Slavoj Zizek mentions in one of his essays that the precise moment at which the Revolution in Iran against the Shah’s brutal regime began, can be traced back to one incident: The refusal of a lone pedestrian to obey the command of the policeman on a busy street. The moment at which this pedestrian refused to obey the command, the symbolic chain of impenetrability of the order was broken, and it suddenly became clear that commands could be disobeyed. More and more people joined in disobeying the command. Increasingly greater numbers joined in protests against the order. In another context, Louis Althusser would call such a situation ‘overdetermined’ – a situation where a whole range of different conflicts and discontents ‘merge’ or ‘fuse’ into an explosive situation. That is what determines, according to Althusser, a revolutionary or insurrectionary situation.
Something of this kind happened in West Bengal, sometime towards the end of 2006 when Singur erupted into a mass struggle. But the crucial turning point, of course, came with Nandigram. The ‘Nandigram effect’, which could not have been possible without Singur but which took the logic of Singur to an insurrectionary level, made one thing clear: The CPM-police-government-vested interest nexus could be broken; that it was not invincible. Almost within a few weeks of Nandigram, as Vaskar Nandy explained in a talk in Delhi University last April, the Nandigram effect had pervaded the tea gardens ruled by a powerful nexus of vested interests of the CITU, police and the industrialists. The virtually invisible local revolts against this cadre-raj drove away the self-appointed leaders breaking these nexuses irreparably.
Continue reading Class Struggles in West Bengal
There has been a flood of reports of alleged brutal killings, disappearances and arrests as the military in Myanmar stamped out the anti-government protests of the last week. At least 1,000 people have been arrested in Yangon alone, the majority of them monks. Arrests are also reported from towns and cities across the country. This is in addition to at least 150 other persons arrested in August at the onset of the protests. Numerous key figures in the National League for Democracy, the main opposition party, and other activists are among those arrested. However, it remains extremely difficult for anyone to confirm details about who has been arrested, where they are held, why and under what circumstances. This uncertainty is partly as a consequence of restrictions on internet and phone use.
Continue reading Suspend All Military Support to Myanmar Junta
[French Marxist philosopher, Étienne Balibar was in Delhi recently, where he delivered a series of lectures. A former student of Louis Althusser, Balibar has over the last few decades, worked towards the articulation of a critical Marxism – one that is at once liberated from the shibboleths of old modernist certainties and yet does not give up on the idea of a possible emancipatory project of a world beyond capitalism. Balibar’ later philosophical work has been more and more engaged with the contemporary political problems of France and Europe.
Balibar is critical of hardline French secularists for their xenophobic intolerance of issues concerning French citizens of Arab and African descent. In the 2007 French presidential election, he was among the two hundred intellectuals who expressed support for the candidature of Marie-Ségolène Royal of the Socialist Party. Professor Emeritus of Moral and Political Philosophy at Université de Paris X – Nanterre, and Distinguished Professor of Humanities at the University of California, Irvine, Balibar gave a series of lectures in New Delhi last week. S. Anand of Tehelka joins Nivedita Menon, Reader in Political Science at the University of Delhi, and Aditya Nigam, Fellow at the Centre for Study of Developing Societies, in discussing with Balibar the overlap of racism, Islamophobia and secularism in a global context. The interview is published in the current issue of TEHELKA.]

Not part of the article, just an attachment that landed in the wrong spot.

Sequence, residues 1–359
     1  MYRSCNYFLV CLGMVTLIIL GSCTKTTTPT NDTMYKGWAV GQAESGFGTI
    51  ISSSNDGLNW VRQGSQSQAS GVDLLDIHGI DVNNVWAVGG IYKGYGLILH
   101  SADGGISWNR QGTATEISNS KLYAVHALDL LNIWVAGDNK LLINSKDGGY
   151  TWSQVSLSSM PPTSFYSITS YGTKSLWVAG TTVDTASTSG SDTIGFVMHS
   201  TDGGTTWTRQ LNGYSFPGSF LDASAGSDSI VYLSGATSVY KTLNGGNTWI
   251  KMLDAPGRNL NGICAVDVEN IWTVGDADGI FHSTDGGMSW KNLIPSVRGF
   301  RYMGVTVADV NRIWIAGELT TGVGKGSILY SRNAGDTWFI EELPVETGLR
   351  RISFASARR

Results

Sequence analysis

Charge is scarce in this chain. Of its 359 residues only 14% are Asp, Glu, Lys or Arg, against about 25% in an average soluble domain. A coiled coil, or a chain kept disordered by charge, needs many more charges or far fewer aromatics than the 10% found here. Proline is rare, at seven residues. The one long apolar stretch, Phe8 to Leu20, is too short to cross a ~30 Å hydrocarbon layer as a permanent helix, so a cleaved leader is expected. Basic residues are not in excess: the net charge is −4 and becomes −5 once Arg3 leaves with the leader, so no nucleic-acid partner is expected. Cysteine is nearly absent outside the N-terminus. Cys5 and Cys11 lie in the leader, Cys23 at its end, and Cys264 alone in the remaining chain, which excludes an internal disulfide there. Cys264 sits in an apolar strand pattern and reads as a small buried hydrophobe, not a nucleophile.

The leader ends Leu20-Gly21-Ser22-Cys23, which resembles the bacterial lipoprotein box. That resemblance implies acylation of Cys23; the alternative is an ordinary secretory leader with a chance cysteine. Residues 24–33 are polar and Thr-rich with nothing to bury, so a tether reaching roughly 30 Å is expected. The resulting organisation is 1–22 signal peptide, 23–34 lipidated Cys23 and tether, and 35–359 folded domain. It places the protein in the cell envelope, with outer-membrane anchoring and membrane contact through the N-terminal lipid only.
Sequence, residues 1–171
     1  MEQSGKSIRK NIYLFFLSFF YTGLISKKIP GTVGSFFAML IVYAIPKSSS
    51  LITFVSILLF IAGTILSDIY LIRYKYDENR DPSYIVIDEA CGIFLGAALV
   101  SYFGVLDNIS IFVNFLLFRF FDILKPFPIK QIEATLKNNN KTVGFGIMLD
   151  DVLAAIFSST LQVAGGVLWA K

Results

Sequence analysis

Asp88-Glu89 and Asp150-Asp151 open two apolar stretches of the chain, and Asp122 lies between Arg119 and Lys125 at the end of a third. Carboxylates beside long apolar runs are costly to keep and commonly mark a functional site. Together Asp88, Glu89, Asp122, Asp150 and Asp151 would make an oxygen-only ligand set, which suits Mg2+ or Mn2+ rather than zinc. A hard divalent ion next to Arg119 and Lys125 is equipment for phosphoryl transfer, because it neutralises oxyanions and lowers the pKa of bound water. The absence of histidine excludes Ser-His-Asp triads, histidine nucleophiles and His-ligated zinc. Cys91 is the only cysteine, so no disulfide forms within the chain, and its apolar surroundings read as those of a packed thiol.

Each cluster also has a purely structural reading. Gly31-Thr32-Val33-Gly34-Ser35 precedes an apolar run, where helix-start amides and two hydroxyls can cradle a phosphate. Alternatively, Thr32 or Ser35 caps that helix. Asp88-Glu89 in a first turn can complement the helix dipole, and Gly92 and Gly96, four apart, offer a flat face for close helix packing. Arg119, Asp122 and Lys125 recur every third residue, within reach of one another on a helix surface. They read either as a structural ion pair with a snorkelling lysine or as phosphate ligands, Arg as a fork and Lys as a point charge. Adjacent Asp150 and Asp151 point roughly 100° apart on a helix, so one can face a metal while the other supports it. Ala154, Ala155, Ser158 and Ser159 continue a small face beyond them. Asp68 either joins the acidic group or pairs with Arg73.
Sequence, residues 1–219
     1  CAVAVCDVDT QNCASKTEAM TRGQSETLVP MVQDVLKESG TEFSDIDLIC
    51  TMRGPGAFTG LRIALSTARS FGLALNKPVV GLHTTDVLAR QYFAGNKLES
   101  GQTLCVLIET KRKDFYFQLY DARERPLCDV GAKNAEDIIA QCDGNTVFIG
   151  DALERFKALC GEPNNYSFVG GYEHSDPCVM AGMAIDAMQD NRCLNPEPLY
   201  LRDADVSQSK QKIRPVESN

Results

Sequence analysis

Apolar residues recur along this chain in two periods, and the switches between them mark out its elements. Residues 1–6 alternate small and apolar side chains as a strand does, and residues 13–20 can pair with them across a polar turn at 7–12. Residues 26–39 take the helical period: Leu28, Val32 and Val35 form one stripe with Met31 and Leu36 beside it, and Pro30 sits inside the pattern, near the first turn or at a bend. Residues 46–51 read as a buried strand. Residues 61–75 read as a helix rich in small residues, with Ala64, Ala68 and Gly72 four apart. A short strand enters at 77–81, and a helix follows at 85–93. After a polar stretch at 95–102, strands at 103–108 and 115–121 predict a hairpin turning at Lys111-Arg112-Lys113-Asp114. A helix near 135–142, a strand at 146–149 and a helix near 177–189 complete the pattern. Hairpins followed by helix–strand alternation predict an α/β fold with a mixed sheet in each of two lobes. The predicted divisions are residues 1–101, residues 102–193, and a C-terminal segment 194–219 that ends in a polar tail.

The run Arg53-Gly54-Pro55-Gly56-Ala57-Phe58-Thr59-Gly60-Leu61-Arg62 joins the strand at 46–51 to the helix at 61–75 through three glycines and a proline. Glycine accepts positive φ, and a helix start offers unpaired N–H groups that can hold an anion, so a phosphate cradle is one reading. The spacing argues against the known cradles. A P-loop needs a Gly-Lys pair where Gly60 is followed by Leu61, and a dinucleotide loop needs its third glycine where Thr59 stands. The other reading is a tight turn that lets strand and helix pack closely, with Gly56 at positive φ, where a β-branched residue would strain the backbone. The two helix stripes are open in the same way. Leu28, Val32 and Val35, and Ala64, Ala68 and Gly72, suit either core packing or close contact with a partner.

Menon: You have written about the race riots in 2005 in the French banlieues, the suburbs, as a ‘revolt of the excluded’ and have linked it to the contradictions of globalisation. What were the dynamics of these riots?
Balibar: I am surprised these events provoke such curiosity in places as far away as Chicago and New Delhi since I think these riots were extremely banal in the sense that they are a type of urban disorder that has repeatedly taken place all over the world for a long period, owing to similar issues of “difference”. Perhaps the French were exceptional in thinking that the typical effects of the redistribution of populations created by globalisation, involving race and class factors, would not affect France. There’s also been extreme reluctance on the part of French commentators, not only of the Right but also the Left, to use race and racial categories.
Continue reading ‘Secularism has become another religion’ – Etienne Balibar
[Evidence is piling up – of a whole range of so-called encounters to actual ‘terrorist’ acts, conducted by police, intelligence agencies and their undercover agents. Different groups and organizations have been gathering evidence, meticulously documented, that shows clearly how police have gone about ‘fighting terrorism’ and in effect (if not by intent) actually created an atmosphere of terror for the minorities. Every time such a suggestion is made, predictably, there are howls from certain quarters. So we think this extremely important and silent work of documenting will eventually help to uncover the nefarious ways of these agencies. Often these are carried out in cahouts with the organizations of the Hindu Right. How many times have we not wondered about so-called terrorists who come out of a railway station, take a taxi to go and either blow up Akshardham temple or the Ayodhya ‘Ram Mandir’! What if their train was late? what if, they did not get a cab on time. What if….But does it really matter, with a gullible and all to complicit media to blow up police versions as ‘serious terrorist plots’? Here then, is a small story from The Kashmir Times. The characters mentioned in this story are not unfamiliar to those who follow how they were first recruited as ‘mukhbirs’ or informers and when they refuse to play along, they become ‘terrorists’ – exactly the way the ex-surrendered Afzal Guru was made into the ‘terrorist ‘who, even the Supreme Court felt should be hanged to satisfy the ‘collective conscience of the nation’ even though no evidence could be produced against him. So, much for the “world’s largest demcracy”. – AN ]